Urban Gypsy is collection of trinkets strung onto sturdy kangaroo-hide leather. Designed to be worn as a long single layer piece, or double wrapped around the neck for a shorter necklace sitting around the décolletage area.
• Old silver-alloy cylinder bead, and scalloped edge coin chain pendant, circa 1960s, from the nomadic Banjara Tribe of Northern India (see history menu below).
• Miniature skull pendant intricately carved by hand from deer antler, using a 300-year-old design passed down through generations of a family of carvers.
• Antique silver-alloy 'telsum' prayer box protective amulet, from the Oromo People of Ethiopia, circa early 1900s (see history menu).
• Cowrie shell cluster from East Timor (see history menu).
• Knotted kangaroo-hide leather.
Image No. 4 - An Oromo woman of Welo Province, Ethiopia wearing a string of prayer boxes, (Photograph by Angela Fisher).
Image No. 5 - Historical image of a group of Banjara women heavily adorned with their traditional dress.
About Ethiopian Prayer Boxes:
Ethiopian prayer boxes are traditionally made from an amalgamation of silver, alloy and/or nickel. Some are elaborately decorated and feature granulated designs created with melted silver. Worn by the Oromo People as protective amulets from various perils and superstitions, these particular amulets date from the early 1900s.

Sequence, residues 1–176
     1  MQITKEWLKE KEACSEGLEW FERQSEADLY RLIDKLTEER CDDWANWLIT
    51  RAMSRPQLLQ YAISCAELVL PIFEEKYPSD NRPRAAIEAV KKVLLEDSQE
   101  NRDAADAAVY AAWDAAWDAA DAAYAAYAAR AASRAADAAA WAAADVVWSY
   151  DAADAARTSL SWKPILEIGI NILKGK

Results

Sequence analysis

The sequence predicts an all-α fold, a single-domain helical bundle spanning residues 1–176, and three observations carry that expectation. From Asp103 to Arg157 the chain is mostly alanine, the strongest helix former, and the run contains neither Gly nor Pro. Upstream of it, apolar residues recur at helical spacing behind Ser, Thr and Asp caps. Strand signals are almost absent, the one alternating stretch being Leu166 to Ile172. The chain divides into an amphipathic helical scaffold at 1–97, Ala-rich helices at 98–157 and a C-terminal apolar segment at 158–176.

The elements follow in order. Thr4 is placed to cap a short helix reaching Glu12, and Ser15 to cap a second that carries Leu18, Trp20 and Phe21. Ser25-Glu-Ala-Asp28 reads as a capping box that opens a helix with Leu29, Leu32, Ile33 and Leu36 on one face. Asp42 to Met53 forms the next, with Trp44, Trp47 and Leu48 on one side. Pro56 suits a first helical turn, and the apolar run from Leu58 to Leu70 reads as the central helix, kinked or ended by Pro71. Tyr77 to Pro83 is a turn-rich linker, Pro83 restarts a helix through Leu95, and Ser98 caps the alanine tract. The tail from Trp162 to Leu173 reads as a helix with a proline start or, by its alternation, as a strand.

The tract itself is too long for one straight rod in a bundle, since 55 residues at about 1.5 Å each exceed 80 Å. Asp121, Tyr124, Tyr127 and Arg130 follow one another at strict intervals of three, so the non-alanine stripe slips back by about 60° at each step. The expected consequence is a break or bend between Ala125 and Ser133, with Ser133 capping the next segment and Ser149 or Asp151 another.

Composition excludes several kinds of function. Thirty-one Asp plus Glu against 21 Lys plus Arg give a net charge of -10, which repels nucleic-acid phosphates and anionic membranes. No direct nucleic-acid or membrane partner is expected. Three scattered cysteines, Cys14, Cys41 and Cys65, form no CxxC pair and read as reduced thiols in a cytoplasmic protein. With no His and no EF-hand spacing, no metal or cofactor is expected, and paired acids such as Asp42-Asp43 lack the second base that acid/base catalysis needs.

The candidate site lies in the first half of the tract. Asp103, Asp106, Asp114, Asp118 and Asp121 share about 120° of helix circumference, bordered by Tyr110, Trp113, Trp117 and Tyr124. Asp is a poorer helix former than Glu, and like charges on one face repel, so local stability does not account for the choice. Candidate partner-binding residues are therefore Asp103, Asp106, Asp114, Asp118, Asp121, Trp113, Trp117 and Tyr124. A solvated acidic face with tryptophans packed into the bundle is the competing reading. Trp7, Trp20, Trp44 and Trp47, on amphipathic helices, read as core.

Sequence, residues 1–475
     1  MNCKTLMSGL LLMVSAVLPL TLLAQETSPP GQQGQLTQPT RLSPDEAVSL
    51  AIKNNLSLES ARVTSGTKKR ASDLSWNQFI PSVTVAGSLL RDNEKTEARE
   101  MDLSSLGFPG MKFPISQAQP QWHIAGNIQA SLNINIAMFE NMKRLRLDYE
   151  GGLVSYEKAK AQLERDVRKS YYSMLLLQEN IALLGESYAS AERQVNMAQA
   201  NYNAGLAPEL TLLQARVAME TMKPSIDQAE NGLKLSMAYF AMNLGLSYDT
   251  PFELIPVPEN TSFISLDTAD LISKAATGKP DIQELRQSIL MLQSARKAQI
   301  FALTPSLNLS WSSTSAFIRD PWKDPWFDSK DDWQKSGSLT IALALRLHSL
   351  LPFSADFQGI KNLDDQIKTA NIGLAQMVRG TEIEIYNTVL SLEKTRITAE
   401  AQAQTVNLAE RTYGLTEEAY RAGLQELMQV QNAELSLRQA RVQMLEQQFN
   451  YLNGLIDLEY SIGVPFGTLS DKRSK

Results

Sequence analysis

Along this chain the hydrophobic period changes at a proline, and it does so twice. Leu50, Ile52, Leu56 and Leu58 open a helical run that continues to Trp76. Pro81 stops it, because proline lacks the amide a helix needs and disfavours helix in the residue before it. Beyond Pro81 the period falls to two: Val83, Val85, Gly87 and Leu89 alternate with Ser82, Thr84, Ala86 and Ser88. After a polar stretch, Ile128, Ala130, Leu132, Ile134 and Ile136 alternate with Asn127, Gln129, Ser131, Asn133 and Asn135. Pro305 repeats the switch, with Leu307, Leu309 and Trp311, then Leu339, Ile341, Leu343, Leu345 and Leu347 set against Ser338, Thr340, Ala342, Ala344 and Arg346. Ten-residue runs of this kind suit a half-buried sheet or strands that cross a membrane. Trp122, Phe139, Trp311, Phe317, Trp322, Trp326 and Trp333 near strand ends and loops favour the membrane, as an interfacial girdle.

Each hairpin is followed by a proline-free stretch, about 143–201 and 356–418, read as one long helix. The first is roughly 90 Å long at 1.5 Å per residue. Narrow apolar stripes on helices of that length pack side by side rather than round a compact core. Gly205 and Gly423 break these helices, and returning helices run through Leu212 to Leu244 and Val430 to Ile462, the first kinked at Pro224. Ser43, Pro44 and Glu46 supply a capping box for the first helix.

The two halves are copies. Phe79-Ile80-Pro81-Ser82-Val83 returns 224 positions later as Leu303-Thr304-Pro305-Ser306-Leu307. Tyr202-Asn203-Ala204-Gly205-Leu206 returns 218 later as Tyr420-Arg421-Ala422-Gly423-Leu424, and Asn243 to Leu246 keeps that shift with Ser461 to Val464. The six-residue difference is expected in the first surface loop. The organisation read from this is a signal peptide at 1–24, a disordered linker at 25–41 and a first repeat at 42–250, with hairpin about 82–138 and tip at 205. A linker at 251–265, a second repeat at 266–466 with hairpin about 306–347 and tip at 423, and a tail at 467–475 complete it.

The triangular shaped silver boxes are believed to fend off evil spirits and the evil eye, where crescent shaped amulets protect against the powers and spells of the crescent moon. Square, rectangular and irregularly shaped pendants also serve similar purposes of protection.
About the Banjara Tribe:
The Banjara People are a collective of nomadic gypsy tribes from Northern India. They are said to be the descendants of the Roma gypsies from Europe who migrated to India through the rugged mountains of Afghanistan and finally settled in Rajasthan.
Originally the Banjara’s were bullock transport carriers and builders of great monuments. For centuries they efficiently moved their enormous caravans through the vast roadless tracks of India guaranteeing safe conduct for grain, salt and messages.
Due to the nomadic nature of their culture, the Banjara’s traditionally ‘wore’ their wealth thus creating a unique aesthetic, colorful dress and spectacular jewelry quite unlike any other tribe.
About the Cowrie Shell:
Destined to transfer good luck, fortune and material wealth to those in its possession, the cowry shell is considered a deeply spiritual and highly valued object in African culture. The cowrie carries with it the blessing of Moté, ancient deity and goddess of water, also affectionately referred to as ‘Mother of Water’.
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